Two days after Mother came home, without praying about it, I emailed my reservation to the Simulcast. I was looking forward to some praise and worship and "getting a word" from Beth Moore. The following week my husband complained about a pain in his bronchial tubes whenever he exerted himself. When he called to make an appointment to see his doctor, the nurse tried to get him to go on to the ER. My husband refused and said she was over-reacting because he felt fine as long as he took it easy.
During the doctor visit the next week, my husband was urged by his physician to go see his cardiologist. The cardiologist, when called for an appointment, said "come now!" So we went. My husband did two days of tests, then went back the next Monday for the treadmill test. This took place on August 29. We were told that afternoon that he had significant blockage and that he needed to have an arteriogram--the sooner the better. It was scheduled for the next day.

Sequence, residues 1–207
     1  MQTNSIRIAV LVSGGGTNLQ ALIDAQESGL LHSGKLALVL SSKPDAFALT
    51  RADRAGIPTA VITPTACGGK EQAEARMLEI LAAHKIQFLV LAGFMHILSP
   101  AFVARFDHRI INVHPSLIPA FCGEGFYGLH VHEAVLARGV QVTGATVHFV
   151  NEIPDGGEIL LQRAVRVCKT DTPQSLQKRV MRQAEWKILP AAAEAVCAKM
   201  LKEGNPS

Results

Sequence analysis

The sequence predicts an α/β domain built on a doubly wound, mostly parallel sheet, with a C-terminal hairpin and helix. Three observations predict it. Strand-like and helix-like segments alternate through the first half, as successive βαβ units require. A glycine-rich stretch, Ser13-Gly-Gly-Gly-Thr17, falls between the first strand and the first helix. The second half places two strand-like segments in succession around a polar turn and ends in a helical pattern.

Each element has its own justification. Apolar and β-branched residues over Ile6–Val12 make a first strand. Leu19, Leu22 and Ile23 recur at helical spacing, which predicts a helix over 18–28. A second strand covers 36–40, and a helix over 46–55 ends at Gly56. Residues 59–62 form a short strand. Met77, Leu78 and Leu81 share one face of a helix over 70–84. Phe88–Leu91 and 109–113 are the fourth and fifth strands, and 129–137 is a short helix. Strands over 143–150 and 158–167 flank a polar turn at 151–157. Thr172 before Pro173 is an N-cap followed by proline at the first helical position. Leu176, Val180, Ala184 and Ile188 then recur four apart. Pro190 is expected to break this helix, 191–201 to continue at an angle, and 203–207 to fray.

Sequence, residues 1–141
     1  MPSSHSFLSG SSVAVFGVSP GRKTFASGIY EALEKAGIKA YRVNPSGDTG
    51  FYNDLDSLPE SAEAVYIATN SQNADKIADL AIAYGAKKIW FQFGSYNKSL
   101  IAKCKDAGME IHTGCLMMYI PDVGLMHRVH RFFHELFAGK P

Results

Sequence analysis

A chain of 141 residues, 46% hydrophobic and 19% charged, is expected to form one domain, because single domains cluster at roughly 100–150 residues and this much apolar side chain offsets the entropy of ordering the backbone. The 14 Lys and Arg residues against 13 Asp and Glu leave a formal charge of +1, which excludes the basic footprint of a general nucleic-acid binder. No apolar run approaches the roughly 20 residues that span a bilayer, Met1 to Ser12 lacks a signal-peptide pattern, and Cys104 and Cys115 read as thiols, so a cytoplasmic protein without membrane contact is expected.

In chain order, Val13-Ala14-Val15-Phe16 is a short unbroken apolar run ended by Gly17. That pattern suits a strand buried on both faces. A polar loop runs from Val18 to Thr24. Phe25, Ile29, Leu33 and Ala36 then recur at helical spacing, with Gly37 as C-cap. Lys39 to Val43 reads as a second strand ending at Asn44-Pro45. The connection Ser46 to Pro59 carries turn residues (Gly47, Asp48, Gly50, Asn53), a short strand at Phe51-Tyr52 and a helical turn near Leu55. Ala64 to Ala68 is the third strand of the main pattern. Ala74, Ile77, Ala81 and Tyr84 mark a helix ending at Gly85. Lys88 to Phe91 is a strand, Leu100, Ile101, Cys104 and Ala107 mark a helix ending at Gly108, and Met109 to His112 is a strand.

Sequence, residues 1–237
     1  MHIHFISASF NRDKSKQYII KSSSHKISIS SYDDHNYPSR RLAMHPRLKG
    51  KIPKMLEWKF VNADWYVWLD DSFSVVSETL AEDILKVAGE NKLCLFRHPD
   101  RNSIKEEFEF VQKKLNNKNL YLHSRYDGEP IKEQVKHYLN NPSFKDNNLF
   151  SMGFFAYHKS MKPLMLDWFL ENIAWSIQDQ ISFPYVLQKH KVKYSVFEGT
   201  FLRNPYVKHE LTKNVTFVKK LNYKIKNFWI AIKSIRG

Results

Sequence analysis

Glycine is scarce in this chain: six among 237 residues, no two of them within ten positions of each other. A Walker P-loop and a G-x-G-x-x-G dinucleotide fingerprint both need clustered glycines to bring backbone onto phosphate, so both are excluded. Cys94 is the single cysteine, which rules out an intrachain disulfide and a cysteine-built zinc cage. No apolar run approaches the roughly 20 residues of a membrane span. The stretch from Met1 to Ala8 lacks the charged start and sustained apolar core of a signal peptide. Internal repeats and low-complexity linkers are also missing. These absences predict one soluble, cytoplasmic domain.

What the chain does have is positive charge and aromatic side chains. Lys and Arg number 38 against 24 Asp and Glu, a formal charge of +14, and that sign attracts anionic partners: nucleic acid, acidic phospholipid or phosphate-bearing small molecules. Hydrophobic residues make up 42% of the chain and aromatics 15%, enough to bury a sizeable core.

That morning in the hospital parking lot, I prayed with my husband for a good outcome and that the least invasive procedure would be used. After the arteriogram, my husband's cardiologist ended up putting two stents in his arteries. We were told to come back the next week for two more stents to be put in. Then we were told that one of his blocked arteries had already made its on by-pass! We were stunned at the amount of blockage considering that my husband had not experienced any chest pain. However, we thanked God that by-pass surgery was not required and felt blessed that the blockages were found and the "lease invasive procedure" could be used.
On Sept. 2, my parents celebrated their 60th wedding anniversary. Sept. 5 at 11:30 pm I received a call from my sister that Daddy had taken Mother to the Emergency Room because of severe abdominal pain. My husband's procedure for his last two stents was the next morning, and we had to be there at 6:30 am. My sister said to stay home and sleep, and since Mother was in the same hospital, I could see her then.